An Unworked Stream with Just Enough Gold

Panning for Gold

Believe it or not, we’re not completely stuck in the seventies, Life on Mars style: we’ve also spent a bit of time recently talking to the current generation of British brewers, and have a few more interviews scheduled. In particular, we’ve most recently been considering those parts of the industry which, if it hadn’t become a hated buzzword, we might have called ‘innovative’.

The critics are right, though — innovative isn’t the correct word, because there’s rarely anything new being done, even if it’s being presented differently. Let’s express it another way: we mean brewers who are producing beer for which there is apparently almost no market.

They’re making beer which hardly anyone has asked for; which most people won’t like; which will make some people downright angry; and cause many of their peers to look at them with raised eyebrows.

And yet… these brewers are paying the bills, it seems, and finding money to invest in their businesses too boot. They’re optimistic for the future and worrying less about finding new accounts than fulfilling outstanding orders while they await delivery of shiny new fermenting vessels. There was even tentative talk from one exhausted-looking brewer of taking a holiday abroad this year, for the first time in several years.

Maybe they can be likened to bands with ‘one thousand true fans‘? In his 2008 article of that name, Kevin Kelly suggested that was how many devotees a ‘creator’ needed to make a living.

A True Fan is defined as someone who will purchase anything and everything you produce. They will drive 200 miles to see you sing. They will buy the super deluxe re-issued hi-res box set of your stuff even though they have the low-res version. They have a Google Alert set for your name. They bookmark the eBay page where your out-of-print editions show up. They come to your openings. They have you sign their copies. They buy the t-shirt, and the mug, and the hat. They can’t wait till you issue your next work. They are true fans.

All breweries making freaky beer need to do is find the handful of freaks who will love it.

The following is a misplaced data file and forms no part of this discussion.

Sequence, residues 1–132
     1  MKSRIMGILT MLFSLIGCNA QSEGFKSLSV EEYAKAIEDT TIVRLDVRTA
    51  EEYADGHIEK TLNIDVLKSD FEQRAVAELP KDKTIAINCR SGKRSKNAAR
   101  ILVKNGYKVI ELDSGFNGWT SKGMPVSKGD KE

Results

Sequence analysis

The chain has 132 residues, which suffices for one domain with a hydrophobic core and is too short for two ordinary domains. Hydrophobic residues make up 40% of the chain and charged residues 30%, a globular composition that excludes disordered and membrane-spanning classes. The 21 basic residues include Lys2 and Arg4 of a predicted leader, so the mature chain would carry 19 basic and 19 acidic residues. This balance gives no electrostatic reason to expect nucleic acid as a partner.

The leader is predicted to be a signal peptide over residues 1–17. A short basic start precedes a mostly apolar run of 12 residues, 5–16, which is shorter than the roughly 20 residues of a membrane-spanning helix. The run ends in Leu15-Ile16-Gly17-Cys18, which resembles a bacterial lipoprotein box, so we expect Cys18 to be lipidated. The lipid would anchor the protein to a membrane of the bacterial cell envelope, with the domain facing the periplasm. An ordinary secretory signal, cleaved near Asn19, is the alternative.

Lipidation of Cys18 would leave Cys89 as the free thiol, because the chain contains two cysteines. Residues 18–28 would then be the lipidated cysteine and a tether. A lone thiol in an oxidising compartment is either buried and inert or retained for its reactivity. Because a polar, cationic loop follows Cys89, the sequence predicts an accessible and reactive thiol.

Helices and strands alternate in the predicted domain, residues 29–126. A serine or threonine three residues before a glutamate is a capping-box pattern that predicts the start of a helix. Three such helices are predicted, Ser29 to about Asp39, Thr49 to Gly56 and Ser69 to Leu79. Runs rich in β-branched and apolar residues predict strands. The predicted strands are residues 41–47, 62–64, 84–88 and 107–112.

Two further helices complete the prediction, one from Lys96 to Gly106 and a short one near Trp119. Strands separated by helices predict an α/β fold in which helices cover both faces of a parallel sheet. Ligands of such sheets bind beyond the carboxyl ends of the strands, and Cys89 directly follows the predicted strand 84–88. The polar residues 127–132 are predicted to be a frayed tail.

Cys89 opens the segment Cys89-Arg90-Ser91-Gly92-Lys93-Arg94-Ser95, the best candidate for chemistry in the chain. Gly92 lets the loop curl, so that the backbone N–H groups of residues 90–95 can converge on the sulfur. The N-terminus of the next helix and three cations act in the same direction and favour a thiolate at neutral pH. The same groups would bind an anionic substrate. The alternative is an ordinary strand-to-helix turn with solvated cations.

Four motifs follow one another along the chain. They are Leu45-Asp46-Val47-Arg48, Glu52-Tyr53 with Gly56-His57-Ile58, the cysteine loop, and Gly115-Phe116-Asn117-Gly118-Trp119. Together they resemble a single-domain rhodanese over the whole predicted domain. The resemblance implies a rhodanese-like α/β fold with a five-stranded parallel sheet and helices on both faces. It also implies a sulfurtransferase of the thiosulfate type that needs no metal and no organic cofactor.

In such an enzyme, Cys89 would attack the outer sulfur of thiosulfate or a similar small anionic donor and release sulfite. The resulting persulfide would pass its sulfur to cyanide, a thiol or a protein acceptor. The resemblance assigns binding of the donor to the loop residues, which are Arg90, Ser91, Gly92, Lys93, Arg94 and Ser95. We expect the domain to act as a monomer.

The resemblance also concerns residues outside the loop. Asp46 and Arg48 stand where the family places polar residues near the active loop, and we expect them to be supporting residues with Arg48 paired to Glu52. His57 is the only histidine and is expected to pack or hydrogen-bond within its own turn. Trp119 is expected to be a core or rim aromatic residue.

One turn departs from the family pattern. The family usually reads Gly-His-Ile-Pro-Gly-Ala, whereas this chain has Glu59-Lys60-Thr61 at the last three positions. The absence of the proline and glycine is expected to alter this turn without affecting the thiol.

Dairylea Wonderloaf Beer

Isinglass Collagen beer treatment advertisement.

Ron Pattinson’s enjoyably snarky post about keg bitter and craft beer used an interesting turn of phrase: ‘Over-priced, trendy, processed beer’.

Arguably, all beer is processed, unless you are drinking the spontaneously fermented liquid which gathers at the bottom of your grain bucket after heavy rain. But people use the phrase ‘processed food’ to mean something quite particular — that which has been treated, often using patented methods, to make it more ‘stable’ and increase its shelf-life. In other words, where the taste of the product is a secondary consideration after efficient production, easy distribution and stability in storage. (Is that what’s being described here?)

Does processing necessarily result in bad-tasting food and drink? Freeze-dried strawberries covered in chocolate are one of the most delicious foodstuffs known to man, and there are certain purposes for which only a fluffy, sweetened, processed bread will serve. On the whole, though, few people would choose a triangle of Dairylea cheese over a nice piece of ripe cheddar.

Is it easy to decide if a beer has been ‘processed’? Bottle-conditioned beer which has been pasteurised and re-seeded with a clean yeast might resemble unprocessed beer, but it’s actually been subjected to additional processing. Meanwhile, there are an increasing number of kegged beers which are barely processed at all, though they might be in sealed containers.

Reading descriptions of the taste of the much-derided Watney’s keg bitters, one of the most offensive aspects seem to be their sweetness. Is arresting fermentation while sugars remain in the beer, or adding sugar after fermentation, processing? As far as we know, they weren’t bunging in saccharine. (Which, by the way, some rustic, ‘real’ farmyard Somerset cider producers do.)